Q. So in a sense there are hoped for two solutions.
Q. In the Fortnight for Freedom, have you asked pastors to do anything in particular?
A. I’ve provided information online so they have all the data. And the Fortnight for Freedom … is really being organized here and across the country in most places by nonpartisan, lay groups who are coming together, generally in an ecumenical environment. … It’s really an ecumenical and an interfaith effort because the challenge is not just to the Catholic Church. The challenge is to any religious community that feels that this requirement—the mandate—violates their freedom to practice their faith. It’s also an American issue. So there may be people at the event—I hope there are—who are not churchgoers or who are not identified with any faith, but they are good Americans and they see the conflict that this mandate provides for our American heritage.
Q. Mary Ann Glendon was here last year speaking at Emory … about the concern that they had in Europe and that she had heard as part of a Vatican body that there were threats to religious liberty now in the most liberal democratic societies and that this was a threat that they never anticipated facing or seeing. They were always thinking of persecuted religious groups in various parts of the world. Suddenly they realized that this was all over the world.
A. Right. We’re moving in that direction. This goes back to one of your first questions and my response … the growing secularism that has chosen, whether intentionally or unintentionally, to ignore or to deny the role of religious faith in human society. That is growing. We have been accustomed, certainly in our generation, to thinking that only in very oppressive regimes that were perhaps overly identified with a particular religion and had intolerance for other people of other faiths, that only in those environments would you see real, severe religious persecution. That people wouldn’t be allowed to practice their faith or worship or even identify themselves as members of a particular faith. Only in those oppressive regimes would you find such violence against religious faith. But what we’re seeing is in some of those nations that have been known for constitutional governments and enlightened political autonomy that they too are now putting strictures that were once only identified with despotic structures.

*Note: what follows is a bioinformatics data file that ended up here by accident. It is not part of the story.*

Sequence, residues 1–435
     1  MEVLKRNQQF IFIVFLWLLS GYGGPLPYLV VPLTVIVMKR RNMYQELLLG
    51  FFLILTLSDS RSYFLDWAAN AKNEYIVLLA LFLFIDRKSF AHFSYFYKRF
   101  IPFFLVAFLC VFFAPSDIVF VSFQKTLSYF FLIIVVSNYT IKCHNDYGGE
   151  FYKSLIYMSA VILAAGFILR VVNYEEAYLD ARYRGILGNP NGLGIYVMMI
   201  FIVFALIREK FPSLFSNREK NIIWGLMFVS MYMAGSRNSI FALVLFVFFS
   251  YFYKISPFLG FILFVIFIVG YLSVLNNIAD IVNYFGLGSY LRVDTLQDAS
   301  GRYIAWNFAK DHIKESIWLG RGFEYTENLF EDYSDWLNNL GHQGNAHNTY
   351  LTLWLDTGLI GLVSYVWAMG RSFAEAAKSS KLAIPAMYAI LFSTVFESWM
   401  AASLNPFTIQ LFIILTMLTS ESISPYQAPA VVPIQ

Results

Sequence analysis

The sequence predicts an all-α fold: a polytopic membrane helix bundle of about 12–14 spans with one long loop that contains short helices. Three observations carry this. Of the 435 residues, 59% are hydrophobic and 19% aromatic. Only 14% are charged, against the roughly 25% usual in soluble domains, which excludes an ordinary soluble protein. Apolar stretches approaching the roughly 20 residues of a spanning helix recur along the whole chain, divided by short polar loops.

Q. From the perspective of many ordinary people, it’s becoming a rather isolating experience. Parents … feel more and more they cannot find reflected in the world around them, in the culture around them, what they would like their kids to see, what they would like their kids to be exposed to.
A. Sure. In the not too distant past … media, entertainment, television, those programs that were aired five days a week, they almost all ended by, we’ll see you on Monday and remember to worship in a church or a synagogue of your choice. In other words, even the secular world, the entertainment world, gave respect and homage to the fact that we were a religious people and urged us to worship in the church or synagogue of your choice. That’s gone. Not only is it absent, but even the opposite is there. Communications are urging people to leave their faith, to abandon their faith. That would have been unthinkable a generation ago. And being agnostic or being atheist is not new. Throughout human history we have had agnostics and atheists, and people of no faith or doubters. So it’s not like a new movement has come on scene, but certainly an intolerance and a hostility that would have been unheard of a generation ago.
Q. Recently all the bishops were here. What was the overall tone or sense of mood of the bishops? Do they feel that the effort that they have expended so strenuously for the last three or four months, there is a groundswell coming back in support or do you feel people are still not wakening to it?